7. Very cool! It’s one of those taxa you gloss over in the key thinking “it would be neat if I actually saw one of those some day”; and then every once in a while you do!

  8. The occipital area looks so weird, like someone stuck the head onto a blob of glue! I checked out a specimen of Loboscelidia rufa (det. by Lynn Kimsey, of course) and the structure covers the neck, providing some protection. It’s dangerous for a cuckoo wasp to be discovered.

  9. Alex, I’m so happy to see this. And not just because I’m newly appointed to the NC State humanities faculty. Turns out that the Insect Museum was targeted in the Coburn/McCain report as a stimulus fund boondoggle – for a very modest NSF grant – solely because they are called a museum yet get very few visitors (project 68, pg 37 of ;this PDF). What pols don’t understand is that this repository is not designed to host thousands of visitors but rather to serve as a resource for international science, just as they have done here. The museum also does terrific outreach to the public, participating in the annual BugFest celebration (attendance ~35,000) in our capital city each year, educating the public about the importance of insects in everyday life.

    Thank you so much for highlighting the contribution of our superb colleagues at NC State.

  10. And just to keep the social media ball rolling, I sent this url to our hymenopterist. Turns out he has a series of Loboscelidiinae in our unidentified Hymenoptera backlog and he will contact Lynn to see if she is interested. As he says “They totally puzzled me, and I was greatly surprised to when they keyed to cuckoo wasps.”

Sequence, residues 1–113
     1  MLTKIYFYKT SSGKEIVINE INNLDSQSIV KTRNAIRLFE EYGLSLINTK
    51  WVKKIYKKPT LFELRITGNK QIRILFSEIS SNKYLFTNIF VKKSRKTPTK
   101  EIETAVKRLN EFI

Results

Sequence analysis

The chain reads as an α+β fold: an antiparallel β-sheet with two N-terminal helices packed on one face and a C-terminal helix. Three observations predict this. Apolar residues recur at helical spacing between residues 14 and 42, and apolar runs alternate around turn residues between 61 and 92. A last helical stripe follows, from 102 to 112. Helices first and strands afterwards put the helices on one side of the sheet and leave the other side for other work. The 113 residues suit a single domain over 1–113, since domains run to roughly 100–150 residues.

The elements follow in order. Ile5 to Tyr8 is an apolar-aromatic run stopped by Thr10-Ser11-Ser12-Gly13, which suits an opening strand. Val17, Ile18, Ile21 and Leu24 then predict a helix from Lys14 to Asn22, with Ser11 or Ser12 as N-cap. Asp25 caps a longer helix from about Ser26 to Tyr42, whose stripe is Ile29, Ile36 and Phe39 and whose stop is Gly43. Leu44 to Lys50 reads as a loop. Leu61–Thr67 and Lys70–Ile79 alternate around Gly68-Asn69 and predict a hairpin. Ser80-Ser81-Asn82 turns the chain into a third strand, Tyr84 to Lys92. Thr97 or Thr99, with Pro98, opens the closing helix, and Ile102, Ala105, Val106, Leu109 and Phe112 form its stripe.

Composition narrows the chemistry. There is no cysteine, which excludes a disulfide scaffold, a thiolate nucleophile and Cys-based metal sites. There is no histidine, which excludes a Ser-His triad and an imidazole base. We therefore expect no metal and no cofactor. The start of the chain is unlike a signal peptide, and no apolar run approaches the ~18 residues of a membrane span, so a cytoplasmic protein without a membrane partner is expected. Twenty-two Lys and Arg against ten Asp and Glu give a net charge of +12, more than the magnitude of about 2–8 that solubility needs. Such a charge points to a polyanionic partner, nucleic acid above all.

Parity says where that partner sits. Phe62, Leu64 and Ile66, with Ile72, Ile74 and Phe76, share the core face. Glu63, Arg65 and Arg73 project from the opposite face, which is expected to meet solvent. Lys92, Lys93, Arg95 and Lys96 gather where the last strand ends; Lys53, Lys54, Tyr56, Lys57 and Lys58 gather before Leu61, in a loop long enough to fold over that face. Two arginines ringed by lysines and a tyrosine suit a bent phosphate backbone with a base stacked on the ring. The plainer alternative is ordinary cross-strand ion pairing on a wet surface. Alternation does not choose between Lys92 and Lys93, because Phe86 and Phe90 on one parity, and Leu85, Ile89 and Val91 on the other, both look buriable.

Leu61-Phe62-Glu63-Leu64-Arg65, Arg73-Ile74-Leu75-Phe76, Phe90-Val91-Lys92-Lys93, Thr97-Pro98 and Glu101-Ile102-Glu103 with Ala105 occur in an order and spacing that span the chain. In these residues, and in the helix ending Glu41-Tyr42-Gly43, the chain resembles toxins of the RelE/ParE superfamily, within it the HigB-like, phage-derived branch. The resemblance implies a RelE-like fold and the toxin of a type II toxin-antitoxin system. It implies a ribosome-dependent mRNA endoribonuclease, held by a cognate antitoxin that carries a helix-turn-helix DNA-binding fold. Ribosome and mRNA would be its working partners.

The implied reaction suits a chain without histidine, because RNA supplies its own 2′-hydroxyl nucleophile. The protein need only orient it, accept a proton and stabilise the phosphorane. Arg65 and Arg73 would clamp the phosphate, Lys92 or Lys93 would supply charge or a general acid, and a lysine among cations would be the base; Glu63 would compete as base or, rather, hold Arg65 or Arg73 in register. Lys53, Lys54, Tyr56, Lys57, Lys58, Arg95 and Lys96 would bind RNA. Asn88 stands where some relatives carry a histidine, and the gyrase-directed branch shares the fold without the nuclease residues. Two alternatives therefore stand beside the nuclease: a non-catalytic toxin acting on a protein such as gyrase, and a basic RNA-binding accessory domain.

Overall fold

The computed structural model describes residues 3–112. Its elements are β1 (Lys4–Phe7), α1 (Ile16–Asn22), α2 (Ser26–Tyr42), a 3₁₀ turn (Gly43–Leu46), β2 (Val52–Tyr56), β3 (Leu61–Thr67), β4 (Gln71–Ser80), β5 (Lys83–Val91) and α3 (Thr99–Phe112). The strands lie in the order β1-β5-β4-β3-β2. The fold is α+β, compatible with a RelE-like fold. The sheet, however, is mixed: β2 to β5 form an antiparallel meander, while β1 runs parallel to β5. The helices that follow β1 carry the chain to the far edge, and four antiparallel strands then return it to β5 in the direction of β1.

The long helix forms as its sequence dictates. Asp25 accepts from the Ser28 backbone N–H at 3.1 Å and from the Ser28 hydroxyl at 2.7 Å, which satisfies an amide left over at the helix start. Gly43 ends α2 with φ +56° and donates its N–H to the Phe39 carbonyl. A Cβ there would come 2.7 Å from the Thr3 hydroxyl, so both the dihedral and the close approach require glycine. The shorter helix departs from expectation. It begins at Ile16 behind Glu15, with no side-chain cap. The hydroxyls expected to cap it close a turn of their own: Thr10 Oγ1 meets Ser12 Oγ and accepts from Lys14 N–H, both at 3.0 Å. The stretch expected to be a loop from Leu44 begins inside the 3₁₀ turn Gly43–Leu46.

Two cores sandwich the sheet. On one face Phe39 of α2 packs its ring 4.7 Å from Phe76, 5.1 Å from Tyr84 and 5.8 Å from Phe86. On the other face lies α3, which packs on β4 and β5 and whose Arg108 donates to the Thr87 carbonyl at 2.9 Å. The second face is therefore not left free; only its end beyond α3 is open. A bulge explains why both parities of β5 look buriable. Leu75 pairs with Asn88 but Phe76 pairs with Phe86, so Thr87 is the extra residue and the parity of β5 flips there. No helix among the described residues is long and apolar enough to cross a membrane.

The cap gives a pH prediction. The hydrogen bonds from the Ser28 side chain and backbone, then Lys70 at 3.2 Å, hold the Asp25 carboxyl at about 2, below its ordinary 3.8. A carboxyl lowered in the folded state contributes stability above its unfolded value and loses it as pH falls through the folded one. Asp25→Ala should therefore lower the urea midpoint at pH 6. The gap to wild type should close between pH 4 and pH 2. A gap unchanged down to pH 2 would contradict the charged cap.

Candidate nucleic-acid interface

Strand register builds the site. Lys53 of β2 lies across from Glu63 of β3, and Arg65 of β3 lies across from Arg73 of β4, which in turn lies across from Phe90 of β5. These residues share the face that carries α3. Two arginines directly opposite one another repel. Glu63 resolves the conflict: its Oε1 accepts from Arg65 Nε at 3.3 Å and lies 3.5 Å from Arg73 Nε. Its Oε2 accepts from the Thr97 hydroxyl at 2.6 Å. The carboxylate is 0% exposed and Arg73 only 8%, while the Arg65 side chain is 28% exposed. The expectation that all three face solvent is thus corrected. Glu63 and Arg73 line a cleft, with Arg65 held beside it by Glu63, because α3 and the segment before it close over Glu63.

1. They’ll be in the mail tomorrow. Gotta wonder what those transparent windows in the hind femora and tibiae are for? Very strange little wasps!

        1. I’ve wondered the same. There’s just so much strange things going on in Chrysididae… (I could go on about it, but I wont)

  11. Loboscelidiinae and Amiseginae is the shit! 😀

    Also: Thanks for finally (albeit unknowingly at first) posting pictures of a chrysidid! Although I would still have to nag about more.. in which case Chrysidinae (or possibly Cleptinae) is as much I dear hope for 😉

  12. Love this! (and all your stuff). I had a similar awesome consequence of uploading an image to BugGuide.net. An entomologist identified the insect as not a new or rare species but unknown in these parts. My joke about it: I took the pic in Golden Gate Park, so it was probably just a tourist.

    Interesting thread about the discovery: http://bugguide.net/node/view/21487

  13. Well there only one thing Alex for you to do. When Mrs M finishes her PhD back your bags and move to Cape Tribulation and see what else you can find up there.

  14. I LOVE this story! Social media FTW! I have a similar tale in the works but I’m waiting for the other party to finish some writing first 🙂

  15. People reading this blog post on the value of social media in science might also be interested to check out Project Noah .

    Anybody with a camera (digital, at least) can participate by posting their sightings. It isn’t always trained scientists holding the cameras, but an unusual organism doesn’t care who takes the picture. Smartphones make it even easier. Project Noah has an app.

  16. Pingback: Links 2/7/12 | Mike the Mad Biologist

Leave a Reply